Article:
August can be a difficult month for fishing. What better way to spend a sunny day than catching big sunnies on the fly?

Zach and I bushwhacked our way into a small lake in search of big sunfish. Video short to ensue…

Stone Fly Pattern


Recently I have been examining a couple of stone flies I have preserved in a little jar of alcohol that came out of the belly of a rainbow trout this past spring. I wanted to try to better mimic these flies and this is what I came up with so far. Rather than tying the biots in for legs and leaving them straight, angled toward the rear of the fly – I creased them forward to make them look like actual legs and what a difference this makes. Now it’s starting to look real.

  • hook: Tiemco size 6 #2312
  • tail: biots
  • body: stone fly dubbing ribbed with copper wire
  • legs: biots
  • casing: scud back
  • antennae: mallard flank fibers

The stone flies I have preserved have very light yellowish undersides – so I made a few with lighter colored dubbing, and then used a black or brown sharpie to color the scud back darker. This creates an even truer looking stone fly. Maybe to improve this fly I can add another hump of dubbing and scud back for the actual “head” of the stone fly. If you look at a real stone fly, they have 3 segments, and then their head, which is just as big if not larger than the 3 “wing-case” segments.

Longnose Gar on the Fly

A sprawling bed of arrowhead rises from a backwater on the far side of the river, and we decide to motor 50 yards across to anchor the boat in the slack water of an eddy within casting distance of our quarry.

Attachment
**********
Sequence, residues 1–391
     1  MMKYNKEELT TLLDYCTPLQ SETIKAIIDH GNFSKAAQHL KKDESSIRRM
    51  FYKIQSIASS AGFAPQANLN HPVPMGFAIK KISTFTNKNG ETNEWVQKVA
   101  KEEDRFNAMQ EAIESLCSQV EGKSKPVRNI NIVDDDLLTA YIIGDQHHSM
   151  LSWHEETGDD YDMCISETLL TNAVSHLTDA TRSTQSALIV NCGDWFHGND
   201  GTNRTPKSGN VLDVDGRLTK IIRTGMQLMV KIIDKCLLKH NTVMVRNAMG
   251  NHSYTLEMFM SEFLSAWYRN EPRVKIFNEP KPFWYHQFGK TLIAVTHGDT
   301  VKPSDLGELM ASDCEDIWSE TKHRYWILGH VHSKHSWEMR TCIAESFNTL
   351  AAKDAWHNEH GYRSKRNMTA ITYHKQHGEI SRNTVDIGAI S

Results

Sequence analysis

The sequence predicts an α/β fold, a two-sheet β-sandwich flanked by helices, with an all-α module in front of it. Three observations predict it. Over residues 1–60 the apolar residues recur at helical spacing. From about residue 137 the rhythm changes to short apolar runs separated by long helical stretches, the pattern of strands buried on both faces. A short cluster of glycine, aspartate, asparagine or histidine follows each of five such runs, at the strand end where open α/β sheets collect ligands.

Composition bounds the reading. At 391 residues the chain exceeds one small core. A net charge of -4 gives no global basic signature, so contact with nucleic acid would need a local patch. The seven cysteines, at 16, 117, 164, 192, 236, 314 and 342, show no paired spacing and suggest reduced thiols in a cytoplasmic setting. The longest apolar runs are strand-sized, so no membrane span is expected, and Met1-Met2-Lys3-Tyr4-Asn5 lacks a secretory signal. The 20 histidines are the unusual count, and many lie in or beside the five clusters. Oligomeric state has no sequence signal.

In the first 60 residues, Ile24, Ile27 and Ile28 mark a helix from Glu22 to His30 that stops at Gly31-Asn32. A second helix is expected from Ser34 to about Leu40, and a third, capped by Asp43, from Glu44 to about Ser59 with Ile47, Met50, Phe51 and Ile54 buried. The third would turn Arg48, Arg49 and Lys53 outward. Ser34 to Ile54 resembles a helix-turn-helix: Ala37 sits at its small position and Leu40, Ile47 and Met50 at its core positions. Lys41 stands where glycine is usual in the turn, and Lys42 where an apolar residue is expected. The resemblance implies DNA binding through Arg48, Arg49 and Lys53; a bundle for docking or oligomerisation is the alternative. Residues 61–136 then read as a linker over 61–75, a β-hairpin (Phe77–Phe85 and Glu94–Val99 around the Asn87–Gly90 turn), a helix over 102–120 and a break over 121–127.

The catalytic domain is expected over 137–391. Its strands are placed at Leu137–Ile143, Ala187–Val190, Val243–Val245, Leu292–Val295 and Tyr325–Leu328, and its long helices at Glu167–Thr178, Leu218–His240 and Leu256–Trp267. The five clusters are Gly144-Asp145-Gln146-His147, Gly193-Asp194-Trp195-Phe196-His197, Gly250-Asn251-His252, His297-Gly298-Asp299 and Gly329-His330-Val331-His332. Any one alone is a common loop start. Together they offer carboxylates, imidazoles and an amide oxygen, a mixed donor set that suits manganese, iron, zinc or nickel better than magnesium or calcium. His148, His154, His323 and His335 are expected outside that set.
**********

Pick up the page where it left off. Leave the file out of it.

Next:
On the way, a gar snatches a breath of air near the boat—providing my first glimpse of Lepisosteus osseus. Both of Minnesota’s gar species share this genus name, derived from two Greek terms: lepid, meaning scale, and osteon, meaning bone. Technically the gars’ diamond-shaped scales are comprised of an enamel-like organic protein called ganoin. Purportedly, this coat of bone-hard armor can flatten a bullet.

The longnose gar’s beak is more than twice as long as its head and just as impenetrable as its scales, so hooking one requires an understanding of what’s going on underwater. Gar ambush prey, such as minnows, gizzard shad, and carp, with a slash of their beak. Then they impale it with rows of sharp, slender teeth before clumsily manipulating the fish so it can be swallowed head first. The conventional fishing method calls for a bobber, sinker, small hook, minnow, and the patience to wait until the gar has swallowed the bait far enough to hook the soft skin at the back of its mouth.

But there is a more clever way to catch this fish. Compared with shortnose gar, the needlelike teeth of longnose gar are crowded along elongate mandibles like bristles on a fine-toothed comb. So instead of hooks, we’re using hookless flies made of fine strands of snarled nylon rope, which sticks like Velcro inside the prickly maw of a longnose. A heavy fly rod is well suited for delivering the 6-inch hanks of unraveled rope, which we’ve embellished with feathers and tinsel for fish-attracting flash.

Read more Via: Minnesota Conservation Volunteer